The 3 Main Types of Online Patient Feedback

Social Media is one of 3 main types of patient feedback

When patients are especially happy or particularly frustrated with their physician, they are increasingly likely to go online and tell the world about it. This user-generated content is one of the most valuable and also the most challenging aspects of the Internet. Read on to learn about the three main forms of online patient feedback, along with ideas for how to deal with it. Later, you can dig deeper with our one page quick reference guide, The Top 5 Online Reputation Management Tools for Physicians.

  1. Ratings and Reviews: These are generally found on directories, including general sites such as Google and Yelp and medical industry sites such as Healthgrades and Vitals. Whether attached to a medical practice or an individual physician, your ratings and reviews can make a drastic difference in whether or not a patient chooses you as their doctor. General sites tend to have a simple standard structure of a 1- to 5-star rating system with an open-ended review. Health directories tend to have a more detailed and complex structured system that rates providers on a number of different factors.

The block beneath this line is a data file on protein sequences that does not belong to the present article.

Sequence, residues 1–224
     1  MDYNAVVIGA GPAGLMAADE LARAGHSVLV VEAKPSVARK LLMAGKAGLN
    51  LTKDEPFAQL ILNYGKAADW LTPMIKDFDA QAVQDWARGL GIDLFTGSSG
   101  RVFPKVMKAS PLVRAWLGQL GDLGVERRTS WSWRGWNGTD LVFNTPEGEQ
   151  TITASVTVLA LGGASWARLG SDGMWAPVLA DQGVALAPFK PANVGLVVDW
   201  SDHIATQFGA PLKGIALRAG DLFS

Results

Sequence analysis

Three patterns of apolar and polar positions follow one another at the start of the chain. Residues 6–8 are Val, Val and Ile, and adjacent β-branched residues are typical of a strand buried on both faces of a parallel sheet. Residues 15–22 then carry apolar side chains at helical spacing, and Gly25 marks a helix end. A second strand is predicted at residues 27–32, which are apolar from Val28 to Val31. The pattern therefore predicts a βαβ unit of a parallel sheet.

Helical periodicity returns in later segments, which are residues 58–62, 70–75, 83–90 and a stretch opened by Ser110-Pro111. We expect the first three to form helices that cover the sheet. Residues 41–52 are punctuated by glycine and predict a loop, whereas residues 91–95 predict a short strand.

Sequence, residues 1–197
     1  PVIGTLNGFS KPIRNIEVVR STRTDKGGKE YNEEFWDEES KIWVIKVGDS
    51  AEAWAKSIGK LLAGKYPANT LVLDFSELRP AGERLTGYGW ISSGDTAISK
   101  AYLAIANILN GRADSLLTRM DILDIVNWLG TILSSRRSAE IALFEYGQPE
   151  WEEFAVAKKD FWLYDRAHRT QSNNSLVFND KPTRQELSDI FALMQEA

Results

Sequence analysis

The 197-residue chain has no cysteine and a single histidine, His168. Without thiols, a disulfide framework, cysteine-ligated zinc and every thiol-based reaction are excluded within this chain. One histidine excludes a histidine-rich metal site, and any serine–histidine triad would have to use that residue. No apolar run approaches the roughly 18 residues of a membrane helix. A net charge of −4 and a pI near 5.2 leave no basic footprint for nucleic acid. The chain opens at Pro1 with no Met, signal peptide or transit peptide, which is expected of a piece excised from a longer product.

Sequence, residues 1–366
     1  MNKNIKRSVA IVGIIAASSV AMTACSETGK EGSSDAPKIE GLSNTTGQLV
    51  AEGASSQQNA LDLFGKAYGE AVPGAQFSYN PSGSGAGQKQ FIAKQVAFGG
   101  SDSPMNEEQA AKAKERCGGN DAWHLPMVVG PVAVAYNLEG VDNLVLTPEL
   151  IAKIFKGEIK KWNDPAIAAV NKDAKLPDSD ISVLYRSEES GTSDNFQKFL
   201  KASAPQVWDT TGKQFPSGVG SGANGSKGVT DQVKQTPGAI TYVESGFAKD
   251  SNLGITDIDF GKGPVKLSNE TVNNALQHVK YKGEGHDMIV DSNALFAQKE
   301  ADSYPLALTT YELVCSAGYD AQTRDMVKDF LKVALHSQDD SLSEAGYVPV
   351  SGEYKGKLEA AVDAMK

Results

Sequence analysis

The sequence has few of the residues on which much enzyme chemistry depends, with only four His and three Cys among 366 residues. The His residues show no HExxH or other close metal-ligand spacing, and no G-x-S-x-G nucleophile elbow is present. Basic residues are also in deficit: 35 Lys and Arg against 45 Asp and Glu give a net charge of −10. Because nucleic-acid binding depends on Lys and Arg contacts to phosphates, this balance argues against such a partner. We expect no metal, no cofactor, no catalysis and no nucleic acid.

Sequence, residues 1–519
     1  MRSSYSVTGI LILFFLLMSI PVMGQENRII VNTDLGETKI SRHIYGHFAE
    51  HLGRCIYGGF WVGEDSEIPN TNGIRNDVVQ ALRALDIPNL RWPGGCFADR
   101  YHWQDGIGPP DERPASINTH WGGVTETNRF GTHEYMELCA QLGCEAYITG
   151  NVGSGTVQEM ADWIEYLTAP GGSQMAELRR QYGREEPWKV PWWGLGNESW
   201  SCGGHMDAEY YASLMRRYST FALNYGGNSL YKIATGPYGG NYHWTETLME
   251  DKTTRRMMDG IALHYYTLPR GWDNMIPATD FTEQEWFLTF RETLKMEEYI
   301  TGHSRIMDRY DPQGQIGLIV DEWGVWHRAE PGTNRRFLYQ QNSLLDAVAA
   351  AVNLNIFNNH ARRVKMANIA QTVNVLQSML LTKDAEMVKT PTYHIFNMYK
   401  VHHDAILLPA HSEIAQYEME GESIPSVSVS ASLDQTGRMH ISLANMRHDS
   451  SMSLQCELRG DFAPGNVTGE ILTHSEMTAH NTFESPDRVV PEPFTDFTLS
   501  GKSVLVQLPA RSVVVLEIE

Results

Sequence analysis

2. Social Media Sites: Facebook and Twitter are the two main sites where patients submit feedback, but LinkedIn — which has the advantage of giving you a large degree of control over your “Recommendations” — and many others also contribute to the landscape. Facebook actually allows for reviews, and has joined Google and Yelp as one of the top-tier review sites for local businesses. Social media sites welcome less structured feedback by allowing people to post comments directly to a business or to simply tag a business whether or not that they have an active presence on the network.
  3. Blogs and Miscellaneous Websites: With over 100 million blogs now online, you never know which patient might have their own online following. Blog feedback is rarely a patient’s first response, but if someone is particularly frustrated (or happy, but this is less common), the situation can escalate from a review or social media comment into a full-blown blog post. A widely-read post can result in greater exposure, and in some cases online news publications will pick up the story and spread it far and wide.

Ready to dig deeper? Download our one page quick reference guide, The Top 5 Online Reputation Management Tools for Physicians – just fill out the form below and we’ll send it right over.